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About Cyndi MacMillan
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Cyndi MacMillan is a well-rounded writer who embraces many genres and forms. Her work has been published in local newspapers and has won contests. She enjoys reading literary journals, and she is actively pursuing publication within their glossy covers.

Verse is both magnetic and kinetic. She attempts - madly- to give equal attention to her poetry, short stories, and a novel-in-progress, the Trim of Wicks.  Regardless of genre, she focuses on language. One word has the power to repel or pull. She never forgets the reader and does her best to make their ride interesting.

Poetry soup is a good forum which enables people from around the world to share poetry. It has some great resources and provides a nice space for friends to meet.

Cyndi lives in a small town in Ontario with her husband, young daughter and far too many books.

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HOW A CROWN CAN BE WRITTEN


Blog Posted:2/12/2014 9:55:00 AM

The following sonnet sequence is posted here for the use of study ONLY and specifically for learning purposes

This sonnet sequence is copyrighted to Patricia Smith

 

MOTOWN CROWN

By Patricia Smith

The Temps, all swerve and pivot, conjured schemes
that had us skipping school, made us forget
how mamas schooled us hard against the threat
of five-part harmony and sharkskin seams.
We spent our schooldays balanced on the beams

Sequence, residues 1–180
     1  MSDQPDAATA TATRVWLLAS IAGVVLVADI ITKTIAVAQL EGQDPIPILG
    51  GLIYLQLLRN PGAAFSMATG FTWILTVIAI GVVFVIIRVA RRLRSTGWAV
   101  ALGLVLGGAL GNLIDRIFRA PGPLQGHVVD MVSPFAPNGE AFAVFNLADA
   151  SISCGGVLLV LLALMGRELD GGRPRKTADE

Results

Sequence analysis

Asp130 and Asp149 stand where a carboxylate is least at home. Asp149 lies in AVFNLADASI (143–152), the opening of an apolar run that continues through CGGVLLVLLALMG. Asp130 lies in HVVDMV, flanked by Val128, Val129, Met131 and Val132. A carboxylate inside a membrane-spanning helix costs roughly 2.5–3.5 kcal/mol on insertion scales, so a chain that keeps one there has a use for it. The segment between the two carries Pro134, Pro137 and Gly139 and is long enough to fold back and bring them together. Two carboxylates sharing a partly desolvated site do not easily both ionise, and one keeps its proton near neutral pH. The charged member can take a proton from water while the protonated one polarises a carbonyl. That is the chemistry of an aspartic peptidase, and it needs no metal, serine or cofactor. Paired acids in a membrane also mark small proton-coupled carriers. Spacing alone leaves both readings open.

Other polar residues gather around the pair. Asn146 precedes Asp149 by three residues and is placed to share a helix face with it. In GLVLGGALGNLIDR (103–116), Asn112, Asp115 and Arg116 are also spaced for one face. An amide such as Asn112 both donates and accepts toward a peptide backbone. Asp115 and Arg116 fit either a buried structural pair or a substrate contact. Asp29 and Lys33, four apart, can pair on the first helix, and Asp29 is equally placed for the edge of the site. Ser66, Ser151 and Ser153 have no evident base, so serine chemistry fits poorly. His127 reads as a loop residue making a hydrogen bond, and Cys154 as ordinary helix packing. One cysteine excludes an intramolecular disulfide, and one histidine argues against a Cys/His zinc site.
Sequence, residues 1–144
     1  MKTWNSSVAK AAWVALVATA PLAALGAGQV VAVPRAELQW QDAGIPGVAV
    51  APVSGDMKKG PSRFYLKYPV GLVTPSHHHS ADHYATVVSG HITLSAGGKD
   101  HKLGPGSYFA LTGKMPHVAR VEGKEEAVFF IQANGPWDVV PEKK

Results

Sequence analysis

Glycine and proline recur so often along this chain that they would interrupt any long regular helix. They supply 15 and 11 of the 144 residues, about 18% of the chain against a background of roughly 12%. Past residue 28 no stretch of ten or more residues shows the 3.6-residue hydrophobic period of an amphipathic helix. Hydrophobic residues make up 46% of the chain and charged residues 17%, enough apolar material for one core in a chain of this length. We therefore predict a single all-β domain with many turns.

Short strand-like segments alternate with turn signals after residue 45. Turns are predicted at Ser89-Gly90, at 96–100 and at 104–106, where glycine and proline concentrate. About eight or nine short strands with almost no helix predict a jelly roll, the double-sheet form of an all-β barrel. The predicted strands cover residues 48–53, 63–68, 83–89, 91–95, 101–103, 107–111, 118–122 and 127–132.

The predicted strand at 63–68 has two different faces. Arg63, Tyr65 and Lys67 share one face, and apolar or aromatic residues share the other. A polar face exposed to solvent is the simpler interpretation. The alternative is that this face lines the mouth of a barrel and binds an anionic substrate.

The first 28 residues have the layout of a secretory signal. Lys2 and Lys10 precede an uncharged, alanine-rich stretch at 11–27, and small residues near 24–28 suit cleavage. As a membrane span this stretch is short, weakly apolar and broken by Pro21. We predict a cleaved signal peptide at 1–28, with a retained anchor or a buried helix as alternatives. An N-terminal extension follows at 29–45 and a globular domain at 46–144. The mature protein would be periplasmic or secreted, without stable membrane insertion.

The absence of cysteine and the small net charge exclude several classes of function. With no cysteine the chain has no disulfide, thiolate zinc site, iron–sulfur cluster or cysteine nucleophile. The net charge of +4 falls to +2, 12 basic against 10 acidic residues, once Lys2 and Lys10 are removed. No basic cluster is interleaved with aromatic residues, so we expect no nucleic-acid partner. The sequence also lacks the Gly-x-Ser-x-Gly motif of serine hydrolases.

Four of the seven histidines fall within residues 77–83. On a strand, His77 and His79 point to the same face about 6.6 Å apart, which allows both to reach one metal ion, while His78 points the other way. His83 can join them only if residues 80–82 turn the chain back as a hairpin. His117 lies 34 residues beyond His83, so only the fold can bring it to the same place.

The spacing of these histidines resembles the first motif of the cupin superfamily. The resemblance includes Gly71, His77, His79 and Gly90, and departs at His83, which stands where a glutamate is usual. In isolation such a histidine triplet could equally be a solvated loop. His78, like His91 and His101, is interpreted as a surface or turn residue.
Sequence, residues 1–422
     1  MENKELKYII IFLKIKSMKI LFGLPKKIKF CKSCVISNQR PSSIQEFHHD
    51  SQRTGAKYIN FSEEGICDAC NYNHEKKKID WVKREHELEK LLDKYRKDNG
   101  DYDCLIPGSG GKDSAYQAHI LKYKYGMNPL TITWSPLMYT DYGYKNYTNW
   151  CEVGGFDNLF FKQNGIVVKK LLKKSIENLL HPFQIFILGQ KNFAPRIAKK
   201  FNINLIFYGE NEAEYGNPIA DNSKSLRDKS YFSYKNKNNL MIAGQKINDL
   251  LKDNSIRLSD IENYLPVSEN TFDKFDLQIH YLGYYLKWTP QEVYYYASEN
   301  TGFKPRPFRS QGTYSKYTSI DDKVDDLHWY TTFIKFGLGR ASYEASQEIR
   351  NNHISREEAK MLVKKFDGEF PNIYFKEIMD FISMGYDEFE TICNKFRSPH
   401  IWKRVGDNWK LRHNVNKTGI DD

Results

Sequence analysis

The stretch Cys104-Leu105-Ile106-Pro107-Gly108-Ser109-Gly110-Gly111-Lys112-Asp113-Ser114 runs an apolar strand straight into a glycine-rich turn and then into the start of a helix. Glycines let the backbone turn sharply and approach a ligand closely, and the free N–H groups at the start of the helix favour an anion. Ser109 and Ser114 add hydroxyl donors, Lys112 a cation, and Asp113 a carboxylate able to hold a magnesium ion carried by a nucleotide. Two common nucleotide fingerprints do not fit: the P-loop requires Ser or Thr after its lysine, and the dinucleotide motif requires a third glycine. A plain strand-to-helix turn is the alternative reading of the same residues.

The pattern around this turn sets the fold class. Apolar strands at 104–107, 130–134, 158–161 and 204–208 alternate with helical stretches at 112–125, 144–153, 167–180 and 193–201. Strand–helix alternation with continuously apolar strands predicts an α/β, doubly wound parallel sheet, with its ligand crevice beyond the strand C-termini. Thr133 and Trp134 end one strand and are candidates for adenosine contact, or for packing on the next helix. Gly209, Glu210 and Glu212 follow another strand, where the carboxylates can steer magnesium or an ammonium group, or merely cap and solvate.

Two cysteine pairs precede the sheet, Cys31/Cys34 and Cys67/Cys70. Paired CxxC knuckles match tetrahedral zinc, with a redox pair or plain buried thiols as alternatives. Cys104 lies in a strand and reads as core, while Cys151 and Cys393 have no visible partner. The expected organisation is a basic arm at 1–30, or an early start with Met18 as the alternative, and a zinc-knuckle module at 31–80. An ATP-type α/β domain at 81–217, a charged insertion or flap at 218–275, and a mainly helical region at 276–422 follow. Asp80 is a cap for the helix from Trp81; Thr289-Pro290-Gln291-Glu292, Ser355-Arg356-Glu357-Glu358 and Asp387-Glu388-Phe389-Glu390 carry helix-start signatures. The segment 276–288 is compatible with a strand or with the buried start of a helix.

of moon we wished upon, the needled jetblack
45s that spun and hadn’t yet
become the dizzy spinning of our dreams.
Sugar Pie, Honey Bun, oh you
loved our nappy hair and rusty knees.
Marvin Gaye slowed down while we gave chase
and then he was our smokin’ fine taboo.
We hungered for the anguished screech of Please
inside our chests—relentless, booming bass.

 

_____

 

Inside our chests, relentless booming bass
softened to the turn of Smokey’s key.
His languid, liquid, luscious, aching plea
for bodies we didn’t have yet made a case
for lying to ourselves. He could erase
our bowlegs, raging pimples, we could see
his croon inside our clothes, his pedigree
of milky flawless skin. Oh, we’d replace
our daddies with his fine and lanky frame,
I did you wrong, my heart went out to play
he serenaded, filling up the space
that separated Smoke from certain flame.
We couldn’t see the drug of him—OK,
silk where his throat should be. He growled such grace.

 

_____

 

Silk where his throat should be, and growling grace,